Increasingly, Women Are Running the World’s Great Museums
When Laurence des Cars was appointed president-director of the Louvre in 2021, it was a historic marker. The world’s most visited museum had a woman in charge for the first time since it was founded in 1793.
“Top jobs are symbols,” Ms. des Cars said recently in an interview. “And I take the symbol very seriously.”
At the time, she already held an important lead role at a major institution, running the Musée d’Orsay in Paris, but the reaction to the Louvre news surprised her for what she called the “intensity and worldwide echo of the announcement.”
Ms. des Cars was the highest-profile example in a wave of women taking the top jobs at some of the world’s biggest museums.
The last few years have seen women taking over from men to lead Tate, comprising four British museums; the Vatican Museums; the National Gallery of Art in Washington; the Philadelphia Museum of Art; the Saint Louis Art Museum and many more. And it only seems to be accelerating.
The topic may come up at a panel discussion at the Art for Tomorrow conference, running from April 26 to 30 in Florence and Solomeo, in Italy. Speakers for the April 27 panel, “Gender and the Arts — Crises and Correctives,” include Dana Dajani, an actress and poet; Rachel Lehmann, a co-founder of Lehmann Maupin gallery; and Christian Levett, an art collector.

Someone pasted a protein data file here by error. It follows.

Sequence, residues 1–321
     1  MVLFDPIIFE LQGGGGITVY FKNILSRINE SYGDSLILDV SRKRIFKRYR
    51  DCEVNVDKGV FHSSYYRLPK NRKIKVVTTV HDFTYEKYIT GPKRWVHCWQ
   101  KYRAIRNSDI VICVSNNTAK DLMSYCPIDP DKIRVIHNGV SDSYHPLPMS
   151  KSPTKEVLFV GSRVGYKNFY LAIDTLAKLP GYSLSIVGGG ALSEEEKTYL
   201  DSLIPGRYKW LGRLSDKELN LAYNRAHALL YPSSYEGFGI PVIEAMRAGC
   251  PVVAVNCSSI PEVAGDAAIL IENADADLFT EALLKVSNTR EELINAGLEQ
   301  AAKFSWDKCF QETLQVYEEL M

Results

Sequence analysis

“I’m encouraged to see this field of women,” said Anne Pasternak, who was appointed director of the Brooklyn Museum in 2015. “Someone said recently we’re becoming a ‘pink collar’ profession.”
Sasha Suda, who took over from Timothy Rub as director of the Philadelphia Museum last year, said that, given that women comprise 51 percent of humanity, “The big question is why this didn’t happen until now.”
Ellen V. Futter, who in March stepped down after nearly 30 years as president of the American Museum of Natural History, was the rare exception in a sea of male directors when she got her job.
“I feel great joy at how much more prevalent it has become, and the quality and success of what they have been doing,” Ms. Futter said. She added, “I’m a proud mama.”
Many in the art world agree that the surge is long overdue. But now that they have some of the top jobs, what are female leaders doing with their power, what has the experience been like for them — and what are the reactions to their positions? And is there an appreciable difference in their achievements when compared to male directors?
Many of the women in the top jobs have established a camaraderie and think of themselves as a group.
“We’re all women of a particular generation, in our mid 50s,” said Maria Balshaw, who became director of Tate in 2017 (she oversees Tate Britain and Tate Modern in London; Tate Liverpool; and Tate St. Ives in Cornwall). “We have long track records of innovation and creative leadership. We all support each other through our careers.”